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Rebel Wilson tells The Project the Bauer Media appeal has been ‘awful’

“This is a huge media organisation owned by German billionaires. Which means they can afford to pay,..

"This is a huge media organisation owned by German billionaires. Which means they can afford to pay, by the way. And they kind of bullied and intimidated me, they didn't want me to sue them publicly. I felt like it was the right thing to do.

"And personally because I feel that this was also the right thing to do, to give the money to charity, to turn something that was really, really hurtful and devastating to myself, if I can somehow give back to Australians, I can turn it into a positive thing."

Rebel Wilson talking about her court case on The Project.

Photo: Ten

She had earlier joked that she had been in such a rush to get to the studios that she only "changed my dress, not my underwear".

Ms Wilson has appeared on Channel Ten because, in her words, it was the only Australian media company not trying to sue her.

Rebel Wilson still managed to crack jokes on The Project after an 'exhausting' day in court.

Photo: Ten

When asked by Project host Carrie Bickmore if she ever felt stressed about coming home to Australia, Ms Wilson replied that she did.

"That's especially when all of the major media organisations except for Channel Ten, which was the only sensible one, tried to join in the case against me. Purely because of corporate greed and they don't want to take responsibility when they make mistakes.

"That is awful. It's not a great feeling.

"I know a lot of Australian celebrities have been driven out of Australia because of negative treatment by the media. That's sad, because Australia is an awesome country."

She had revealed after court on Wednesday that singer Taylor Swift had congratulated her over her defamation win at Ruby Rose's birthday party. She told The Project that the reaction from other celebrities had been "incredible".

"So many high profile and not high profile people have had crap written about them," she said. "It's really hard to bring a court case; it's taxing, it involves your whole family, you have to be in court. It's very, very expensive and I just thought I was uniquely suited to do it because I do have a law degree.

"A lot of people don't know [that], they think I'm a bit stupid. But I do. I went to university and I had such a great case. I was uniquely suited to bring this. I think that set a great precedent for other celebrities."

She said while her reputation had been restored, she was in Australia to make sure she got as much money for charity as possible and she believed the Court of Appeal would get it right.

As to her ongoing feeling about the media, Ms Wilson said the appeal wouldn't stop her from promoting her ongoing movie projects.

"It was hard when it seemed for a second the whole Australian media apart from Channel Ten was trying to sue me. But to me you can't take it personally," she said. "It's more about I have set this huge precedent and they're unhappy.

"So many journalists do great stories, honest, good people. So yes, so you've got to balance it up. You know, I love telling people about my projects and what I have happening. You have to get out there."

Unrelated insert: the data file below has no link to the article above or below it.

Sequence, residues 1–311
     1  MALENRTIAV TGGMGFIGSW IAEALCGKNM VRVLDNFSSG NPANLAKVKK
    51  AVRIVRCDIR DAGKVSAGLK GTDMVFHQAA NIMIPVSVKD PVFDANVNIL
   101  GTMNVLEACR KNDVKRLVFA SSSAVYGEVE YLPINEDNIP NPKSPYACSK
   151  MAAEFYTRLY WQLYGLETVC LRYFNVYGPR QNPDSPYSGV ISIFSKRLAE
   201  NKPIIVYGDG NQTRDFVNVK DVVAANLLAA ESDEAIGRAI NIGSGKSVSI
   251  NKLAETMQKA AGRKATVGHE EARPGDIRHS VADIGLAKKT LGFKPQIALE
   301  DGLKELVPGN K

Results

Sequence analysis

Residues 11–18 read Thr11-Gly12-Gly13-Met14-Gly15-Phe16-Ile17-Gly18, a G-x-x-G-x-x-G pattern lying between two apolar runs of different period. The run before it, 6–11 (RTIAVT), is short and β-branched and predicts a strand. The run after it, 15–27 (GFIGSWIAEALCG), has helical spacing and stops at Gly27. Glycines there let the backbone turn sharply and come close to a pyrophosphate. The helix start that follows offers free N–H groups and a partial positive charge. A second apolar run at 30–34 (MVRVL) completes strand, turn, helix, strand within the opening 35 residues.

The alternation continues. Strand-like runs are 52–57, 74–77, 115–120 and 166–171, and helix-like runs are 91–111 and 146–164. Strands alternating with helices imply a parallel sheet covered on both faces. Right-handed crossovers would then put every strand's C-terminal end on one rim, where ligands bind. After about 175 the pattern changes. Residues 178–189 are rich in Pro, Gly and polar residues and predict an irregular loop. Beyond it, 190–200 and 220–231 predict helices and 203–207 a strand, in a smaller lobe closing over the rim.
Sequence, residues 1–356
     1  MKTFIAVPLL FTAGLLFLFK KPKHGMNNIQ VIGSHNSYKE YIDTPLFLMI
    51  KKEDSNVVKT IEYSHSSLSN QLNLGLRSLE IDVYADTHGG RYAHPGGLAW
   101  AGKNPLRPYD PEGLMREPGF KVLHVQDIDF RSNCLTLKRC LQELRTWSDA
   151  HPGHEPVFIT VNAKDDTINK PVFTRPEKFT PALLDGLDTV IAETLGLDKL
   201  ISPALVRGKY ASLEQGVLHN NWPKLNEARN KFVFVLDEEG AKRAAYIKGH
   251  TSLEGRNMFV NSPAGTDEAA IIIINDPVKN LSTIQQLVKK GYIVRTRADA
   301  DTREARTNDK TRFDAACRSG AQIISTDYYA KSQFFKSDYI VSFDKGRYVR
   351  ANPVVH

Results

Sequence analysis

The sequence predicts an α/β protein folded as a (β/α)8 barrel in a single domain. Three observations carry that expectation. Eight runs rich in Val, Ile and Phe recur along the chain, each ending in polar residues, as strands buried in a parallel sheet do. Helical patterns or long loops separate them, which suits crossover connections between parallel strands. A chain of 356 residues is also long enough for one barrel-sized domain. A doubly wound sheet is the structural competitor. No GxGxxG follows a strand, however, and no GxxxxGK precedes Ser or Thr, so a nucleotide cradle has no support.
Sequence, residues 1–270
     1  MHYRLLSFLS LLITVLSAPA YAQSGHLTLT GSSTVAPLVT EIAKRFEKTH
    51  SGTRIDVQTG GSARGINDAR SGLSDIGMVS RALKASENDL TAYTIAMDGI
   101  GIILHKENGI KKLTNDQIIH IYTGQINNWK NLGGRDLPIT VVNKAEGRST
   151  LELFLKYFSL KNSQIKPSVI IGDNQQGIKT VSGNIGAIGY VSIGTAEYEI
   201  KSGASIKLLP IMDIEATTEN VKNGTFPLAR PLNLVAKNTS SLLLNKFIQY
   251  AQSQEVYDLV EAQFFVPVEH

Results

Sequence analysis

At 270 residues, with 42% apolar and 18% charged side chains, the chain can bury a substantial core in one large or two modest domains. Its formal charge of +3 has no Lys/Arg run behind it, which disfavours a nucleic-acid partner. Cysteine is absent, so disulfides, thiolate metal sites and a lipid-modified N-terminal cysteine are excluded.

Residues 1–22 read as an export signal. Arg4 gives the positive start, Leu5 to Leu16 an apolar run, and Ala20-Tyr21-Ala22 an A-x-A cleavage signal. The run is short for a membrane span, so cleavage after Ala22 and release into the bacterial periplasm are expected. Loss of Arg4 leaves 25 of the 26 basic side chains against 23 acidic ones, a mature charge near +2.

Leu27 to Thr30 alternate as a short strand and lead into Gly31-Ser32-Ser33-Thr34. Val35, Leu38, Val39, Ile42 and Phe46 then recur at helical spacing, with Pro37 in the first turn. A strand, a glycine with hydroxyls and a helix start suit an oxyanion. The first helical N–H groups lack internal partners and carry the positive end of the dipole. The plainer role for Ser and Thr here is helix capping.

Ms Wilson earlier told the show she was producing a remake of Dirty Rotten Scoundrels, called The Hustle, which starred herself and Anne Hathaway. And she was also playing LeFou in the stage musical of Beauty and The Beast at the Hollywood Bowl next month.

Comedian and Project host Peter Helliar suggested after her plug of Channel Ten she could also be the next Bachelorette.

"I wouldn't mind that," said Ms Wilson. "I was chatting to Sophie Monk about that. I watched every episode of her season fricken' because I'm the same age as her. I have the same problems as her."

After earlier admitting to being a huge fan of newly-single Jurassic World star Chris Pratt, Bickmore joked: "We can't guarantee Chris Pratt will be in there though. We'll try."

"Channing Tatum?" suggested Ms Wilson hopefully.

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Aja Styles

Aja Styles is a passionate and dedicated writer who specialised in courts and crime during her stint with WAToday.com.au. Since moving to theage.com.au in 2012, she's taken on varied duties in reporting, home page editing and in sections, before commencing her current role in 2013.

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So, we guess this means Beyonce and Jay-Z are OK then

The first couple of pop music took the world by surprise by dropping their first album together last..

The first couple of pop music took the world by surprise by dropping their first album together last weekend. As you'd expect, it's a statement.

There is arguably no couple better at controlling their own press than Beyonce and Jay-Z. When a video surfaced in 2014 showing Bey's younger sister Solange attacking her brother-in-law in an elevator, rumours of a strained marriage proliferated.

Rather than battle the tabloids, the spouses used the gossip to fuel the creation of two critically beloved, commercially successful records: Beyonce's Lemonade and Jay-Z's 4:44. And, in them, they offered just as many details about their private lives as they chose.